Snuggled amidst serene locales of Chokhor valley of Bumthang district in Bhutan, Konchogsum Lhakhang is a magnificent monastery painted in vibrant hues. Along with Tamshing Lhakhang and Kurjey Lhakhang, it too counts amongst the most significant sites of Buddhist pilgrimage in the region, inviting countless devotees from across the Himalayan kingdom. The holy shrine is said to have been originally founded in the 7th century AD by the Tibetan king, Trisong Detsen, after receiving directives from Guru Rinpoche to do so. As per mythological beliefs, the site never came to people’s notice for several subsequent years. It is in the late 15th century when the Buddhist spiritual master, Pema Lingpa discovered it in a dilapidated condition and undertook the renovation work, restoring its age-old statues and paintings. In 2010, a major part of the construction was reduced down to ashes following a massive butter lamp fire. What stands today is yet another refurbished colossal structure, which was consecrated in November 2014.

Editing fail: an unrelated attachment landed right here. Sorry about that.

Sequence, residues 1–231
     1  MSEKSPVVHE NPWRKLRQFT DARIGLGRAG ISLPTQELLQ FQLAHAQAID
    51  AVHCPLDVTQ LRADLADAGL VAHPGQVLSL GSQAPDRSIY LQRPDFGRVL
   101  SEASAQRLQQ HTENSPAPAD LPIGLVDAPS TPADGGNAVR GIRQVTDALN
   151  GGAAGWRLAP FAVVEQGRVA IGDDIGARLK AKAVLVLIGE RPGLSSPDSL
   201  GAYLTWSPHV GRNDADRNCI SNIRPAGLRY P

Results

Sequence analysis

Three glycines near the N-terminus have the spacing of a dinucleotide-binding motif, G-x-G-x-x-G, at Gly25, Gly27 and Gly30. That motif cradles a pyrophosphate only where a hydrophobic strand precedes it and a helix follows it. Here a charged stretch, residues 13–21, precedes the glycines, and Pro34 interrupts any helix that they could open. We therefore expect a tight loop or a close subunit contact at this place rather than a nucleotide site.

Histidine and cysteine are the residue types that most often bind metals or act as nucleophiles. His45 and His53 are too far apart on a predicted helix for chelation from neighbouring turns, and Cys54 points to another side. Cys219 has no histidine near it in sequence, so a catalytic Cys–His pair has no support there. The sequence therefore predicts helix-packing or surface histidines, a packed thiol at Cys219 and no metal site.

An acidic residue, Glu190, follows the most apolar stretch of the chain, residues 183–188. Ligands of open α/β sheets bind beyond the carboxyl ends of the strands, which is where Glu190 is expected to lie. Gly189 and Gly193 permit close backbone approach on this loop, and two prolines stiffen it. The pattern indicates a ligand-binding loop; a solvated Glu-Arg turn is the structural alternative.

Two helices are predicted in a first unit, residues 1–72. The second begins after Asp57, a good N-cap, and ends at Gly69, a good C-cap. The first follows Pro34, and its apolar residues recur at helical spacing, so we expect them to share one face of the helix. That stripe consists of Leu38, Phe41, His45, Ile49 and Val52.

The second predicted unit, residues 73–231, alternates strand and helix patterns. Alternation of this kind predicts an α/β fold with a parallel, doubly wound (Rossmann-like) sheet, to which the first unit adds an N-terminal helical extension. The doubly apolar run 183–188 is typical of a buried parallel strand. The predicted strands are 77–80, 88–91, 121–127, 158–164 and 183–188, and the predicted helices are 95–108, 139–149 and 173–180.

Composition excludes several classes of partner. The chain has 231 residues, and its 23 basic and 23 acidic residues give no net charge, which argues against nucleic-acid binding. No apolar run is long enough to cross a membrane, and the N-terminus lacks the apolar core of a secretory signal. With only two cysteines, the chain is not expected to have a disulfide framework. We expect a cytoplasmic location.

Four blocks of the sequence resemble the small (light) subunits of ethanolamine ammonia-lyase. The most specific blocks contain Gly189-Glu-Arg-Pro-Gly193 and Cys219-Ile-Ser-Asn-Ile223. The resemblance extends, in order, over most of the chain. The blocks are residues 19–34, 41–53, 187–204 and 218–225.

A highly sacred site for Bhutanese Buddhists, Konchogsum Lhakhang is famed for the statue of Nampal Namse or Vairocana, one of the five Dhyani Buddhas sitting in the main sanctuary. Flanking Vairocana, are the statues of Guru Rinpoche, Avalokiteshvara, and Nyingmapa masters of Dzogchen tradition – Pema Lingpa and Longchen Rabjam. What primarily fascinates the visitors travelling to the monastery is the elaborate mandala painted ceiling and inner walls embellished with ancient intricate murals. The seated statues of Pema Lingpa depicting his three reincarnations, mind, body and spirit, circumferencing around the mezzanine make for yet another beautiful highlights of the shrine. The temple is also famous for its ancient relic, a bronze bell, bearing inscription from the eighth century on the inside. It is said that when this bell was rung, the chimes could be heard all the way to Lhasa, Tibet. In 17th century, Tibetan army was sent to get this bell but, it was so heavy that it could not be lifted and fell on the ground. The sacred relic of this broken bell is still preserved in the upper level of the newly built Lhakhang.